With a greater understanding of the needs for our elder parents, we can change the way the world sees the elderly.
West Palm Beach, FL (PRWEB) September 05, 2013
For caretakers who wonder whether or not an elder parent - even one who has been diagnosed with Alzheimer’s disease or dementia - needs additional safety measures, Eldercare expert, Judie Rappaport has compiled a list of seven easy questions which can help assess each individual’s needs.
“Don’t wait until there’s a problem,” urges Judie “take action at the first sign of impairment. Even if you are still working toward a diagnosis, start taking simple steps to protect your parent now!”
“More than ever before, people need this information,” Judies reports. The number of households providing eldercare for one or more loved ones is at an all-time high. Coupled with the fact that Alzheimer’s and related dementias are also being diagnosed at record-breaking rates, many adult children are now caring for parents with treacherous impairments.
The most widely diagnosed form of dementia, Alzheimer’s disease (AD), erases past memories including those that help notice, acknowledge and avoid danger. AD patients cannot discern dangerous situations from safe activities.
What simple home safety measures can be implemented in order to maximize the quality of life for these elders? Judie takes an excerpt from her book, ©Eldercare 911, The Caregiver’s Complete Handbook for Making Decisions, and offers these easy suggestions:
- “Remove scatter rugs and make sure all electrical cords are out of walking areas. An elder parent may no longer recognize obstacles or the need to step over something lying on the floor and is many times more likely to take shuffling steps, trip, and fall.
- Call a professional to install railings on stairs and grab bars in the bath or shower so your parent can use them to balance and to avoid falls. An elder parent may not remember which surfaces are wet or how to take special care on slippery surfaces.
- Add more lamps or change light bulbs to a higher wattage if current systems can tolerate the increase. Elder parents with forms of Dementia, such as Alzheimer’s Disease may not have the ability to take action to avoid dangerous edges on furniture and your parent will need bright lighting to avoid tripping or bumping into furniture edges. If possible, pad these edges with foam rubber.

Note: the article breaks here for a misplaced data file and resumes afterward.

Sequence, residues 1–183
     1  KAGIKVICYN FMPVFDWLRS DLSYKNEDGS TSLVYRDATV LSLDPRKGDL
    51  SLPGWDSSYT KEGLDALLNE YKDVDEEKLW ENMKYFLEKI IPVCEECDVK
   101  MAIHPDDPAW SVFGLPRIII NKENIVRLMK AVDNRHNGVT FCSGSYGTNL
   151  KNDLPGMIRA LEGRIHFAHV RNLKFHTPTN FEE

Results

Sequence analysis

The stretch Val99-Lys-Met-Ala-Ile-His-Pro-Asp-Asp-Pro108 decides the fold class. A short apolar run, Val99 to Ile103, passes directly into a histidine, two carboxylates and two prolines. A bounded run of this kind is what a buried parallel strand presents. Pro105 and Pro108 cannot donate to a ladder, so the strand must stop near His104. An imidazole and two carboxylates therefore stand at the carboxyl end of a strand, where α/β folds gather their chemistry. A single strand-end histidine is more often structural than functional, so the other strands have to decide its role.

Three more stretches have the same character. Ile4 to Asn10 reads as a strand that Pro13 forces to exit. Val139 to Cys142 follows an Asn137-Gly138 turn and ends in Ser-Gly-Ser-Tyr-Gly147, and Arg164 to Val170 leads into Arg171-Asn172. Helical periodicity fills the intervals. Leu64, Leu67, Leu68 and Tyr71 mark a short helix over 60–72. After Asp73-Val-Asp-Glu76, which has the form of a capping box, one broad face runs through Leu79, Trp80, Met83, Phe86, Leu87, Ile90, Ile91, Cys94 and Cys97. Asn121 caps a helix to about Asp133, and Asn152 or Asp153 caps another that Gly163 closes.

- Place night-lights throughout the house to help avoid stumbling or falling if your parent wanders during the night. Pay particular attention to stairways. When Alzheimer’s patients wander, they do not remember the potential dangers of stairways, the need to hold on to rails, watch where they are stepping, etc.—they are therefore more likely to fall.
- Place a safety gate on stairways. Make certain someone is available to open the gate in case of an emergency.
- If your parent wanders, raise the lock on outside-access doors above your parent’s reach or Velcro a cloth the same color as the wall over the doorknob. This will make the doorknob almost invisible and keep your parent from opening the door. Do not try these techniques or block exits unless your parent has twenty-four-hour supervision to help evacuate in an emergency.
- Make certain chairs are heavy enough to stay put if your parent suddenly ‘plops’ down; many kitchen or dining room chairs can skid or tip backwards and cause a fall.
- As the level of impairment increases, be certain balconies and walkways are only accessible under supervision.
- Secure all medications, even over-the-counter remedies such as aspirin, laxatives, and vitamins. Just because you dispense the medications safely and Mom has never so much as looked at the containers, doesn’t mean that Mom won’t decide to eat the contents tomorrow when you aren’t around.
- Firearms and chemicals, including household-cleaning products or insect sprays, should be stored out of reach in locked cabinets. Dementia may have robbed Mom or Dad of the ability to recognize the difference between bleach and orange juice.”
Since each elder parent is unique, the care for each parent should also be individualized. Whatever the living arrangements – at home, assisted living, or a full time care facility – the elder parent’s particular needs should always be met, especially when it comes to safety.
Judie adds her inspiring words, “I hope we all develop a greater understanding of the needs for our elder parents. With more information, education, and support for caregivers, we can change the way the world sees the elderly.”
Judie Rappaport is the President of Preferred Lifestyle Services, which provides care management services specializing in care for families with Alzheimer’s and related dementias. She writes a blog as well as a question and answer forum for Alzheimer’s disease and related dementias caregivers at http://www.dementiaexpert.com and http://www.preferredlifestyleservices.com. The websites provide links to vital information and programs.
She is also the co-author of the well-received books, Eldercare 911: The Caregivers Complete Handbook for Making Decisions and The Eldercare 911 Question and Answer Book. Judie also writes, Eldercare 911, a weekly column answering readers’ caregiving questions. The successful column is in it’s 7th year in Florida’s Scripps Treasure Coast Newspapers.
For more information on eldercare specializing in the care of those with Alzheimer’s disease and related dementias, contact Judie Rappaport at JR(at)prefsvcs(dot)com or phone 561-277-9544.